This woad became an essential part of the dyeing of woollen military uniforms and uniforms. However, in the middle of the 16th century, cheap, high-quality Indian indigo began to be imported. Initially, it was only used for dyeing silk and fustian, but gradually woollen weavers began to mix Ward with Indian indigo. The impact of woad on the agricultural economy was so great that Henry IV (1553-1610) banned Indian indigo and Emperor Napoleon (1769-1821) adopted a protective policy of encouraging and subsidising new methods of cultivation and indigo production, but the price and colour quality of Indian indigo were superior to those of woad. In the 18th century, wars broke out across Europe and demand for the blue dye indigo, especially for military uniforms and uniforms, temporarily increased. Thus. The indigo boom was triggered by the establishment of plantations in the colonies of Brazil and India, as well as in the new continent of America and the West Indies, and the production of Indian indigo was encouraged. The indigo produced in this way contributed greatly to the development of the woollen industry not only in Britain but also in European countries. The indigo produced in this way contributed greatly to the development of the woollen industry not only in Britain but also in European countries. 

The Edict of Nantes : April 13, 1598

The Edict of Nantes, signed on April 13, 1598, by King Henry IV of France, was a landmark decree that granted substantial rights to the Protestant Huguenots, who were a minority in a predominantly Catholic nation.

The edict aimed to provide religious toleration to the Huguenots, who had long struggled for their rights in France. Its main provisions included:

1. Freedom of conscience and the right to practice Protestantism in certain specified towns and cities throughout France.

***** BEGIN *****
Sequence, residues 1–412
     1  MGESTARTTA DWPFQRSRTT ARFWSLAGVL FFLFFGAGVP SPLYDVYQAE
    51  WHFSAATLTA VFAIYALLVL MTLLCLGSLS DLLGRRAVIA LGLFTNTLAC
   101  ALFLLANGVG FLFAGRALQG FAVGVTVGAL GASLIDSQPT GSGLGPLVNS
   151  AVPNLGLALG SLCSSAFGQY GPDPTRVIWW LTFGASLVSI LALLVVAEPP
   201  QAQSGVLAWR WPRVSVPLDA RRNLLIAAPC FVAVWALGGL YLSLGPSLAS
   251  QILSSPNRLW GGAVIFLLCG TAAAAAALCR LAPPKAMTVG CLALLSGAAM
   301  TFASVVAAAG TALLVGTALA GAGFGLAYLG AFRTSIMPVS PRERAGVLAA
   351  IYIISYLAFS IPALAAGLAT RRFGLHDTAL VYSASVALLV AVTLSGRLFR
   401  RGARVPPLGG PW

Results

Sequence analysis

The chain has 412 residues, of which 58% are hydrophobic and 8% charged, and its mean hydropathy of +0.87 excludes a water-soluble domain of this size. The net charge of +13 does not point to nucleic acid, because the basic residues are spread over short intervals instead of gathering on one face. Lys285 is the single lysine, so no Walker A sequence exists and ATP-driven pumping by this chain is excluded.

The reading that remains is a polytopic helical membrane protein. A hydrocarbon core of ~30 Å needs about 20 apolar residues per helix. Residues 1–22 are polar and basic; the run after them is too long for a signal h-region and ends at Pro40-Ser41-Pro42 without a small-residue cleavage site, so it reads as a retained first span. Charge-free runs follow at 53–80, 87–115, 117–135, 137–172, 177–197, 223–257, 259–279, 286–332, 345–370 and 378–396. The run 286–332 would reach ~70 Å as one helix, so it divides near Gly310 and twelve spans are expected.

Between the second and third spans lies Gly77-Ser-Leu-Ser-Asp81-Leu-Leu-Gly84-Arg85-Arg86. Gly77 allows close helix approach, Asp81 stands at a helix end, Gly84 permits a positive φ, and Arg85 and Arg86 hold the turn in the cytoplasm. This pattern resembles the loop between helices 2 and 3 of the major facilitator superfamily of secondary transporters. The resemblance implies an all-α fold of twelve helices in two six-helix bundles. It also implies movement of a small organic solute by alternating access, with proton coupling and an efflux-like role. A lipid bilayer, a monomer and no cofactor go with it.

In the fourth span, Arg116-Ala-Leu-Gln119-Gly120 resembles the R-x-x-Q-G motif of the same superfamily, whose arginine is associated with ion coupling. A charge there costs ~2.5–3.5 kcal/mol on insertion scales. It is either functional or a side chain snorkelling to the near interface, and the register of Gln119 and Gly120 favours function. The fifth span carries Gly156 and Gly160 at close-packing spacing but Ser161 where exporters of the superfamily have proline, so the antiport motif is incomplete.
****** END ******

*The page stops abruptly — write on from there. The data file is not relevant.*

2. The right to hold public office, including serving as judges and administrators, without having to renounce their religion.
3. The right to establish and maintain their own schools and universities, with government funding.
4. The right to fortify their towns and cities for their protection.
5. The right to maintain their own military forces, known as the “Huguenot militia,” paid for by the French government.
6. The right to engage in specific trades and professions, such as textile and arms manufacturing.
7. The right to travel freely within France without being subject to searches or property seizures.
8. The right to bury their dead in their own cemeteries.

The Edict of Nantes played a significant role in ending the Wars of Religion in France, which had ravaged the country for many years. It provided the Protestant minority with religious and political freedom, contributing to the establishment of a more tolerant and pluralistic society in France. However, King Louis XIV revoked the Edict in 1685 with the Edict of Fontainebleau. This led to a mass exodus of Huguenots from France and resulted in the loss of talented individuals and resources for the country.

Henry IV’s primary goal in issuing the edict was to promote civil unity. By separating civil and religious unity, the edict recognized Protestants as more than mere schismatics and heretics and paved the way for secularism and tolerance. It granted general freedom of conscience and offered specific concessions to the Protestants, including amnesty and the reinstatement of their civil rights. They were allowed to work in any field, even for the state, and had the right to address grievances directly to the king. The Edict of Nantes successfully marked the end of the French Wars of Religion, which had plagued France in the latter half of the 16th century.

Édit de Nante : The Edict of Nantes : April 13, 1598
The Edict of St. Germain, issued 36 years prior by Catherine de Médici, had granted limited tolerance to Huguenots but was overshadowed by subsequent events. It was not formally registered until after the Massacre of Vassy on March 1, 1562, which triggered the first of the French Wars of Religion. The Edict of Fontainebleau, promulgated in October 1685 by Louis XIV, the grandson of Henry IV, revoked the Edict of Nantes. This decision prompted an exodus of Protestants and increased hostility from Protestant nations neighboring France.